Writing your own autocompletion
When creating a command line tool for use by a small group it’s probably sufficient to print a helpful message when running with the
--help flag. But once you start thinking about redistributing your tool you’ll want to make adoption as easy as possible. An autocompletion script is a good step in that direction. If your tool has a reasonable number of well–named parameters, autocompletion acts as a quicker substitute for referring to a
man page or
--help, and even users completely unfamiliar with the tool can get a good idea of what it’s capable of and how easy it will be to use.
The simplest autocompletion is no autocompletion. As mentioned above, file path completion is the default, and that covers a number of simple commands. But all commands benefit from a
--help flag, and many commands can benefit from common flags such as
--quiet to show more or less output,
--color=[auto|always|never] to set whether the output should be colored, or
--config=FILE to point to a configuration file. Let’s try implementing completion for a fictional “do what I mean” command,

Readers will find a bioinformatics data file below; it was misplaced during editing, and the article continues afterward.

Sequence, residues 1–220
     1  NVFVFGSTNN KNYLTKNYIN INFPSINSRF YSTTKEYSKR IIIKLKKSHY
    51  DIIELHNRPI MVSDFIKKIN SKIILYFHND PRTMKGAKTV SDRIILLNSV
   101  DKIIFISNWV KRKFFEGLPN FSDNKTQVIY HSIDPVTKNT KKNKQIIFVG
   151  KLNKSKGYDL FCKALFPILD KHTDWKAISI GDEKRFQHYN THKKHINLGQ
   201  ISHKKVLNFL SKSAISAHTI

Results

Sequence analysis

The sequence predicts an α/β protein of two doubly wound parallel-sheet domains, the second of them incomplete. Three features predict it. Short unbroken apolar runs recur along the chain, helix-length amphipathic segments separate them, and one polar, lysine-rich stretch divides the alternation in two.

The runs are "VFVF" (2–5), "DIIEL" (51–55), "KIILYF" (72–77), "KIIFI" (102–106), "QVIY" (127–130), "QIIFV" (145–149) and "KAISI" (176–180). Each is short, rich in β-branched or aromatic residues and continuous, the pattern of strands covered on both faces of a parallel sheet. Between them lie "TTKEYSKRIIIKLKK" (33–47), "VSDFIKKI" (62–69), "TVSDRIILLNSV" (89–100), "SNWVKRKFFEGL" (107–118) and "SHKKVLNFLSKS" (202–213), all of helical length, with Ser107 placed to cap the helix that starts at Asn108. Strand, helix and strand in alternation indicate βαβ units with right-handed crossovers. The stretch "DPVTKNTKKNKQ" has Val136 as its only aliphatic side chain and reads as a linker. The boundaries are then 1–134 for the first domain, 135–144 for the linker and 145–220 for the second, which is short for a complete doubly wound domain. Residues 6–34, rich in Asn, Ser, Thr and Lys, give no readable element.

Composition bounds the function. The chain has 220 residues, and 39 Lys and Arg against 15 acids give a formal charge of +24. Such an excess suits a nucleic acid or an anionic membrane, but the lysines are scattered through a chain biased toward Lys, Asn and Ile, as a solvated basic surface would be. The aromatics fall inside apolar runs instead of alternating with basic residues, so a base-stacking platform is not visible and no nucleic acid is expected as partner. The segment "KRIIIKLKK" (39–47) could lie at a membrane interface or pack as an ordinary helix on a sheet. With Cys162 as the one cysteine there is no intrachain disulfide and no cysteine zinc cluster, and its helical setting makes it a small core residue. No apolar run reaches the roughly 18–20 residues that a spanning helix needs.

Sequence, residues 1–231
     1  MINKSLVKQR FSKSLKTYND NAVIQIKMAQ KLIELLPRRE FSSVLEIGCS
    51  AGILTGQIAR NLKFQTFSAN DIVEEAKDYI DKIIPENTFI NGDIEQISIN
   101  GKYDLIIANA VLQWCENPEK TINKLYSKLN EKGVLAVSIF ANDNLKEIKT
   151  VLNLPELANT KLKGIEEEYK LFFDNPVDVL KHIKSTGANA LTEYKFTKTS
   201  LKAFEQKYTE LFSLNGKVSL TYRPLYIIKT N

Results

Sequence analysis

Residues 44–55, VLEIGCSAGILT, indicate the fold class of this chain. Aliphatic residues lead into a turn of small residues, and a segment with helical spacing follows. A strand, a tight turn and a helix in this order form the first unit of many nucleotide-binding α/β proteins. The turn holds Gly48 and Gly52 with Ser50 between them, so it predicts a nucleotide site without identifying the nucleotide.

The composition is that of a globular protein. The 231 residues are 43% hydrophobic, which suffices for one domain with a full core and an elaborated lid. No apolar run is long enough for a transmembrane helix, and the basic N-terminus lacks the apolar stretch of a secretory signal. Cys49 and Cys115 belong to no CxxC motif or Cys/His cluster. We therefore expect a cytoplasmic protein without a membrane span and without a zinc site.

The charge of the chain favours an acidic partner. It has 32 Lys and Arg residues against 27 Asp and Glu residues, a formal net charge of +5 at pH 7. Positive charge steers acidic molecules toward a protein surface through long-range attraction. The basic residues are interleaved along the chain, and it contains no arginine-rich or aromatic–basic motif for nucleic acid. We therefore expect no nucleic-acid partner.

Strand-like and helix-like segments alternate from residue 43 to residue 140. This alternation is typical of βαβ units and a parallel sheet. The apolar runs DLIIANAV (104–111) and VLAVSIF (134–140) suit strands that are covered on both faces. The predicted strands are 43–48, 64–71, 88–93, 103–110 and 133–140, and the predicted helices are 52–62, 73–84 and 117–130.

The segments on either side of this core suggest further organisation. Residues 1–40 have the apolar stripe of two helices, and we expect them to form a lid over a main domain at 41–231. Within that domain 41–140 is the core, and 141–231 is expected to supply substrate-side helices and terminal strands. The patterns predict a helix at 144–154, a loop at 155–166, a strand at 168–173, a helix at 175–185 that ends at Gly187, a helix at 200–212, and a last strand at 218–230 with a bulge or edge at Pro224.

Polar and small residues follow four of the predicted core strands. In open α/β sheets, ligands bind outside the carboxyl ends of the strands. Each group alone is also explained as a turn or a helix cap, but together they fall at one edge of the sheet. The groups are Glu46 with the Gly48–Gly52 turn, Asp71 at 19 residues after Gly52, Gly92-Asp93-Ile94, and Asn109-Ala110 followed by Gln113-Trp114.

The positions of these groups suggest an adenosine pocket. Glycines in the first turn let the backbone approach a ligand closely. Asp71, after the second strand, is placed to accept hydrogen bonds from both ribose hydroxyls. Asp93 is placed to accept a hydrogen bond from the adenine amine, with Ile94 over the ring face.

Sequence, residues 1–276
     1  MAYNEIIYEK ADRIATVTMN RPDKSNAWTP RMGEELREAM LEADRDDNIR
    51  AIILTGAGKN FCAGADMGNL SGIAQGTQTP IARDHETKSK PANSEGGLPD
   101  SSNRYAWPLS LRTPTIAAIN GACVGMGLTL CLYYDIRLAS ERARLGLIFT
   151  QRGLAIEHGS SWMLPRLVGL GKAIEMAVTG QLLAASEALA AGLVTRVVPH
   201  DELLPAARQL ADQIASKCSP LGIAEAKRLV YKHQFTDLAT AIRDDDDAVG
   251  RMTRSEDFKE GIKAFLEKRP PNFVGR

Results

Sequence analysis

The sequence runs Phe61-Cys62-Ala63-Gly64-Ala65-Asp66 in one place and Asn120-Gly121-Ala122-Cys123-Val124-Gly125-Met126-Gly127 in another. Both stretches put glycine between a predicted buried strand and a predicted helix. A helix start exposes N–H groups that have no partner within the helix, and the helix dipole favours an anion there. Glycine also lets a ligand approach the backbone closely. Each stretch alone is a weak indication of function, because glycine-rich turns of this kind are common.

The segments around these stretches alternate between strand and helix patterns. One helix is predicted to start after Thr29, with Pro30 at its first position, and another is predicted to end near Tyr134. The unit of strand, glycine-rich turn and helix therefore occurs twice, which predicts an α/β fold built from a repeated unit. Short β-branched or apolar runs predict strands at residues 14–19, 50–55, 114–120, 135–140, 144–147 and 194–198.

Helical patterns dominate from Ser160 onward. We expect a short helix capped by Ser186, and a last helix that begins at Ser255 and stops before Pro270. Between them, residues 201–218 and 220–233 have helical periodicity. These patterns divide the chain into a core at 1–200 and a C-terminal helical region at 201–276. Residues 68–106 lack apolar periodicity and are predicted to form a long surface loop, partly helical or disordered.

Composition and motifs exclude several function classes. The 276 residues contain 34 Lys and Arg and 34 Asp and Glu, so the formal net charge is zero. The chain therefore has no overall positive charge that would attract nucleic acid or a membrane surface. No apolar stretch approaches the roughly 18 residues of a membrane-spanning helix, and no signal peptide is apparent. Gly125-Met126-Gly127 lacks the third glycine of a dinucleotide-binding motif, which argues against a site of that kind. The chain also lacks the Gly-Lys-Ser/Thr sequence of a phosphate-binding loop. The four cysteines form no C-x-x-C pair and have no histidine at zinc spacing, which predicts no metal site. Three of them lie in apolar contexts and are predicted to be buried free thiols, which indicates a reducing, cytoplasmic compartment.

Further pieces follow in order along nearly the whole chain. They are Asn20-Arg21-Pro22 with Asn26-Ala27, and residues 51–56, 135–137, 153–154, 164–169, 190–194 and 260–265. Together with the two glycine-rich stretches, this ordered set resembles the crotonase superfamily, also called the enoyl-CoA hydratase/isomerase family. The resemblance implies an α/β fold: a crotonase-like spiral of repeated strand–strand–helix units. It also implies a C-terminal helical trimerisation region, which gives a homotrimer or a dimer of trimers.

dwim. We start by setting up a completion for a
dwim command which only takes one argument, the static string
complete command specifies how arguments are to be autocompleted. Running the command above means that the command called
dwim will be autocompleted with the single argument (“word”;
--help unconditionally. To test it, simply run the above
complete command, type
dwim -- and press Tab: the command line will now read
dwim --help. It doesn’t matter that no
dwim command exists – the completion is completely independent of the command.
The completion does not include completion of the
dwimcommand itself – if you type
dwiand press Tab it will not complete to
dwim(unless, of course, you have installed a program called “dwim”). Completion of the first word is handled by a different mechanism.
Let’s make this more interesting by adding support for